Classical optics holds that the extinction cross of particles should be equal to twice their geometric cross section, in the limit where the particles are much larger than the wavelength. It follows that the extinction coefficient of such large scatterers should be independent of wavelength. Snowflakes are much larger than the wavelengths of visible and infrared radiation, yet many investigators have found that the visible and infrared extinction coefficient of falling snow measured with transmissometers is wavelength dependent. This dependency is known to be a result of the scattering contribution to the transmissometer signal. Furthermore, many measurements in the visible and infrared show that extinction values measured simultaneously with two transmissometers are linearly related up to at least 12 km−1. The slope depends on the wavelengths and optical characteristics of the transmissometers. We show that for small values of extinction, the observations can be explained by taking into account single-scattering contributions to transmissometer signals. For high values of extinction, a multiple-scattering model gives good agreement with measurements.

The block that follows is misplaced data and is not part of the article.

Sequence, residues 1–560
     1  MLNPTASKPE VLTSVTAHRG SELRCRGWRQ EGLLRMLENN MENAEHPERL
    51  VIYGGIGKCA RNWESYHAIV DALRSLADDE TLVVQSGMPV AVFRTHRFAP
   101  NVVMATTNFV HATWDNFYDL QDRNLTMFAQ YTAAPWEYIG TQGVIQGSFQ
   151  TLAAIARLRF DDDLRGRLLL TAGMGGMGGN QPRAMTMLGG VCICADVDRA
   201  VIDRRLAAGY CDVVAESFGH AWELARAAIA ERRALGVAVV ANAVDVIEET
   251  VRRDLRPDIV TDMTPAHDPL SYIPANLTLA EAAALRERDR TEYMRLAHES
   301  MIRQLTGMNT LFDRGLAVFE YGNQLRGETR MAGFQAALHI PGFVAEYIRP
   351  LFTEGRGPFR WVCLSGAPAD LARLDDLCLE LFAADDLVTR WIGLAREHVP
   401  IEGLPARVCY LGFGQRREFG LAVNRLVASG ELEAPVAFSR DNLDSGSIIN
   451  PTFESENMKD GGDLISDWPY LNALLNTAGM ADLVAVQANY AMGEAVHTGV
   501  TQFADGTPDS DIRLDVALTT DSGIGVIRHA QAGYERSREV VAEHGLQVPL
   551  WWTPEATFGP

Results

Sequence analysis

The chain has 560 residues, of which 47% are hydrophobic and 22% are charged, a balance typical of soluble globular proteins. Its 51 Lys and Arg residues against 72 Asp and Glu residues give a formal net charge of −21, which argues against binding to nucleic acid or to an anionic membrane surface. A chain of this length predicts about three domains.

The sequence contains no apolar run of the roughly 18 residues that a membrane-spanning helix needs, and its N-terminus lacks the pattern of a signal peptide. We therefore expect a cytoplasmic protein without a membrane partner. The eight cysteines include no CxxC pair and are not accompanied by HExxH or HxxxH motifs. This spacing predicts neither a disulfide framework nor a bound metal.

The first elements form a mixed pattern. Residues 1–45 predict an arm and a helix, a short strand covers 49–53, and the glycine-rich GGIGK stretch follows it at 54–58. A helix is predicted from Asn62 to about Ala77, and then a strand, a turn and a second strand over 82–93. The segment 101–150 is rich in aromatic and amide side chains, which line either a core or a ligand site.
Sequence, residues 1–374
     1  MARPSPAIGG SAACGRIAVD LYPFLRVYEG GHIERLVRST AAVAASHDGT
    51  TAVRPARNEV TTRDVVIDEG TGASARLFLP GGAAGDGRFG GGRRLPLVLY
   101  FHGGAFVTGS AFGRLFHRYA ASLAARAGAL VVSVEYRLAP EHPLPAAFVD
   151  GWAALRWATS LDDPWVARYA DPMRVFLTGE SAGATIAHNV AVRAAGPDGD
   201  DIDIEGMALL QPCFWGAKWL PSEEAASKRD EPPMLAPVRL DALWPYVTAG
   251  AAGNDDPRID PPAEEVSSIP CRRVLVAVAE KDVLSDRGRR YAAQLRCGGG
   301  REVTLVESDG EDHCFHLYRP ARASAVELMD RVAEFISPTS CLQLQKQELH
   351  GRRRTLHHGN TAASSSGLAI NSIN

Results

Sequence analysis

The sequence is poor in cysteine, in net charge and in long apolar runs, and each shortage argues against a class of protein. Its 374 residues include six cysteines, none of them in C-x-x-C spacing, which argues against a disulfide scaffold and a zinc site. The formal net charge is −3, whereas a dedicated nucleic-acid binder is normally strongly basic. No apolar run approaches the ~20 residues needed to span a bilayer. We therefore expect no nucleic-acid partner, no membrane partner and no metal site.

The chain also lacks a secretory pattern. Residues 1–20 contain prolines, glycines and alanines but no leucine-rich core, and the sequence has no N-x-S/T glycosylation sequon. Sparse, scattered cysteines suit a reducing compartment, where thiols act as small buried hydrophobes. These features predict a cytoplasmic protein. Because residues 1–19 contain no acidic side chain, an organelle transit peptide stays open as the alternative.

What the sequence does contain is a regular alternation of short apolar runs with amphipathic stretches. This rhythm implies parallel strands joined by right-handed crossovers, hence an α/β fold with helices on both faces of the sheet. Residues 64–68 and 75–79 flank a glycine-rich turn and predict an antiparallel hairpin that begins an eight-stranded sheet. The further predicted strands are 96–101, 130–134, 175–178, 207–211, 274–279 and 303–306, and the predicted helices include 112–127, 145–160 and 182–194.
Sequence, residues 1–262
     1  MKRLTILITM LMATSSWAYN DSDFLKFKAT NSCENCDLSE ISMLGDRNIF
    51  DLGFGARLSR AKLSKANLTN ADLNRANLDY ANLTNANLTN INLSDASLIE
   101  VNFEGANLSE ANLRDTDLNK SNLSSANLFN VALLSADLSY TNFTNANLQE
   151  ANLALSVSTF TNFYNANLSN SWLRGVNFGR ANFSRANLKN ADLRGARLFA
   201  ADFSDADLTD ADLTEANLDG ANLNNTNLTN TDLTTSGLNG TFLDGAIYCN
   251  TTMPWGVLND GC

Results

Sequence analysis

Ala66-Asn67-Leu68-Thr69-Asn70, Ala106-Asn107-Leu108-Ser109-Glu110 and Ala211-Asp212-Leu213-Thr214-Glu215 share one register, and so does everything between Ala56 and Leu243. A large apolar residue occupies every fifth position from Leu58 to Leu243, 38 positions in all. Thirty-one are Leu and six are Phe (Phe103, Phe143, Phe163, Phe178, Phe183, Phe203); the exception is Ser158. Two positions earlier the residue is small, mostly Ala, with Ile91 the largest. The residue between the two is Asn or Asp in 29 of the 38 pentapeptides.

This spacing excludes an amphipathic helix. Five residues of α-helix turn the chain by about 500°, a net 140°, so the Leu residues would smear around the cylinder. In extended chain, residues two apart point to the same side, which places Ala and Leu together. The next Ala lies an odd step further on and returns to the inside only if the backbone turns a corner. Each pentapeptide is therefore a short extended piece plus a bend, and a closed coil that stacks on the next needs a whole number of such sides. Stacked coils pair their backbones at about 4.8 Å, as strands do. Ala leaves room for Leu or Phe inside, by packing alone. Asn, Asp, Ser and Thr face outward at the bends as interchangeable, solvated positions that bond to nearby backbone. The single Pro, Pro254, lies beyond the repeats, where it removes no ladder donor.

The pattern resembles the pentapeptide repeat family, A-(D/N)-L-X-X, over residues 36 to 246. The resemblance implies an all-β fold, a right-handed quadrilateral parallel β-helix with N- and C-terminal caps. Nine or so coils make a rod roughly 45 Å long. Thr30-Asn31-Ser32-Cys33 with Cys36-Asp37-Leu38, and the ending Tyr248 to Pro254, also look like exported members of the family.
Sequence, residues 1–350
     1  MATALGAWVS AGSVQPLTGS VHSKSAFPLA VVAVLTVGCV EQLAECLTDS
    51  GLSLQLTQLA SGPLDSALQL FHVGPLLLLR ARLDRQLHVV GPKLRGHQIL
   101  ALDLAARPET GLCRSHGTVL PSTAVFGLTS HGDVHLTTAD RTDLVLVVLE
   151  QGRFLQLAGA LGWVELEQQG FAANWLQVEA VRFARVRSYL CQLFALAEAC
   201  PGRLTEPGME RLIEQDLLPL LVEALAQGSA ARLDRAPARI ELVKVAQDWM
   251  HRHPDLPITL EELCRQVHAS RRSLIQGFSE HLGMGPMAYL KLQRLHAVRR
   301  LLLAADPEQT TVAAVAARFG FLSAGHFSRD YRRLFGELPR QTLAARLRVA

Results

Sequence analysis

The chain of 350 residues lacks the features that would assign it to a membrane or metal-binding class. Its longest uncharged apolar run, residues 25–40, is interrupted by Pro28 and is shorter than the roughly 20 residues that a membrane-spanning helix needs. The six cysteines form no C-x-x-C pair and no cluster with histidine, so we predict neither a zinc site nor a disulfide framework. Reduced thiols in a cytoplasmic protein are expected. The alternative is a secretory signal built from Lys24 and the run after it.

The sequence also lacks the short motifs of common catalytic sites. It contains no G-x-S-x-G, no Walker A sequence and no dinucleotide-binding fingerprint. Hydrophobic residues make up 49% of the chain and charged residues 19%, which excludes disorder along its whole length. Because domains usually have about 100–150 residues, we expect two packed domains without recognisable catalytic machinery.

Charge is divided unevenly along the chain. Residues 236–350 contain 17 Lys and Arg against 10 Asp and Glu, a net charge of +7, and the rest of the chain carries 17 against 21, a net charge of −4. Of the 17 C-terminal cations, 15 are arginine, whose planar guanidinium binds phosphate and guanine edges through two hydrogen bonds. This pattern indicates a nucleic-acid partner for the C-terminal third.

© 1992 Optical Society of America
Original Manuscript: April 1, 1991
Published: August 20, 1992
D. L. Hutt, L. R. Bissonnette, D. St. Germain, and J. Oman, "Extinction of visible and infrared beams by falling snow," Appl. Opt. 31, 5121-5132 (1992)